Okay, I admit I should have a whole mountain of new and sexy stuff for the RTM release. I’ve been busy lately. Busy with fun stuff. I’m hoping I’ll get to talk about it soon. (Yeah, I’m a huge tease. No, I won’t be able to share anything with you even if you send me email. Just be patient.)
Anyway, the download location: http://j832.com/bagotricks/
I’ve heard this request a lot: how do I add paging support to ListBox? There are a number of ways to bake support into the control, but there are few ways to do it cleanly.
One of the benefits of WPF is that we have great support for data. Why not solve the problem in the data layer? More specifically, build a data component that can be used in XAML to provide paging services over any IList. Sound good?
ListPager has the magic. It takes an IList as ItemsSource property and exposes a CurrentPage that is a page of items out of the source.
UIListPager takes things a step further by exposing a set of commands that are easily bound to the UI via our command model.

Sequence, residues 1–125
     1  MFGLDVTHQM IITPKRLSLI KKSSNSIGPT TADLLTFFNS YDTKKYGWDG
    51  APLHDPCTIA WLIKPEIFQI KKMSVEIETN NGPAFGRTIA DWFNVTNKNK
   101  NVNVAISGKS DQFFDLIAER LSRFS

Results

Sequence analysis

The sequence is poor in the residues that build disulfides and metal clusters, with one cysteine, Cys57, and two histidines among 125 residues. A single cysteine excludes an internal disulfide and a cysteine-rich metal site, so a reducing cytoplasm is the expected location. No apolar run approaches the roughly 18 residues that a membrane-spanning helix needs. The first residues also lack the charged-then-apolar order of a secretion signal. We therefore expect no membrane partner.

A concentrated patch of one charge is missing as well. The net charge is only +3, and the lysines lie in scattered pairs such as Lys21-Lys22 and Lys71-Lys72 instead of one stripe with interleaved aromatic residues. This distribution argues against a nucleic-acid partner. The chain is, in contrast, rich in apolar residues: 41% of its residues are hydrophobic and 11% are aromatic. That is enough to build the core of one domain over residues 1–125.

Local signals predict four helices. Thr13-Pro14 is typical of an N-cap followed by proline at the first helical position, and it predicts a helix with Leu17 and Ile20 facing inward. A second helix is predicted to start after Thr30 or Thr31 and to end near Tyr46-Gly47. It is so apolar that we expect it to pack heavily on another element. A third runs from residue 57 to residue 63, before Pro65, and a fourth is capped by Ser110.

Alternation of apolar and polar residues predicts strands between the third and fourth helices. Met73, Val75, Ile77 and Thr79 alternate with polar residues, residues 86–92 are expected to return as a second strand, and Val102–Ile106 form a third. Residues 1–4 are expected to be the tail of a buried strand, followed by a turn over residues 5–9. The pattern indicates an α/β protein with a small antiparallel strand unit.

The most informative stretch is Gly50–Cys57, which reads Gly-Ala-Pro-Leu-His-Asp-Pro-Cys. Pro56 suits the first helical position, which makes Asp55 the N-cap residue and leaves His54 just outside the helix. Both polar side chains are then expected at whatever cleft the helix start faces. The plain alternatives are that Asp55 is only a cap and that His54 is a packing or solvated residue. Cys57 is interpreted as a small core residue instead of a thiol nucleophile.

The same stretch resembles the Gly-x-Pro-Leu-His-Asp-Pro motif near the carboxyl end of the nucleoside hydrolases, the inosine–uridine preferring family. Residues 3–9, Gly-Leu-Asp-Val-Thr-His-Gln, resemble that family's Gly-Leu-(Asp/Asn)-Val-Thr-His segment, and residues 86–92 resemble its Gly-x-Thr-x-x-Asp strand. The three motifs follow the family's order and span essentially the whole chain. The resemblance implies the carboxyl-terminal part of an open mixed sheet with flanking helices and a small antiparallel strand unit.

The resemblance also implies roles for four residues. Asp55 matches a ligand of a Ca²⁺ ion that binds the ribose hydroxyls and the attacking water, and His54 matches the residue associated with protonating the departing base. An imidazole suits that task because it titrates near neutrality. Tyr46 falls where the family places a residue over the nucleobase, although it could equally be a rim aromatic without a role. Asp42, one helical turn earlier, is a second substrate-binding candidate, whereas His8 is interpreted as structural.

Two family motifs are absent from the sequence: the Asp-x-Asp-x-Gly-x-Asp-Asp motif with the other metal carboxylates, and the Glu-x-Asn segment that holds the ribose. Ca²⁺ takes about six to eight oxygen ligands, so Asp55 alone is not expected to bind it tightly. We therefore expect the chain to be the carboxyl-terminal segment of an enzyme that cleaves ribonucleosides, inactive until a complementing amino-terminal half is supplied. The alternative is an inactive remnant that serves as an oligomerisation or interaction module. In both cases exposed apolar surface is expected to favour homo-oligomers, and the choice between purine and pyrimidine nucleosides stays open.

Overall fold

The result: a very clean, extensible model for paging through data.
As a bonus, I built ListBase<T>, since I was getting sick of doing all the work to implement IList<T> and IList. One should only have to provide an indexer and a count. I tried to build this class as clean and correct as possible, but a CLR dev I am not. Let me know how it works for you.
I fixed some bugs in Graph. All of the nodes should be cleanly and consistently recycled now. I also started playing with changing the location of the nodes using RenderTransform instead of via Arrange.
Now Graph is not a standard control. It has children, but the size of the Graph doesn’t affect the size of the children and vice versa. My goal: minimize the churning of layout when possible. My solution was a bit interesting. I overrode Measure and Arrange in GraphContentPresenter so they always return the same size. The effect: the parent layout is almost never invalidated (except when the number of items changes). Now this is not a 100% blessed model for layout. I need to work through some details with the really smart people on my team. In the mean time, play with caution.
A couple of helpful customers pointed out a bug in my implementation. Mouse input was being taken by the “Info” and not getting to the TextBox. A simple property set (IsHitTestVisible=”false”) was all it needed.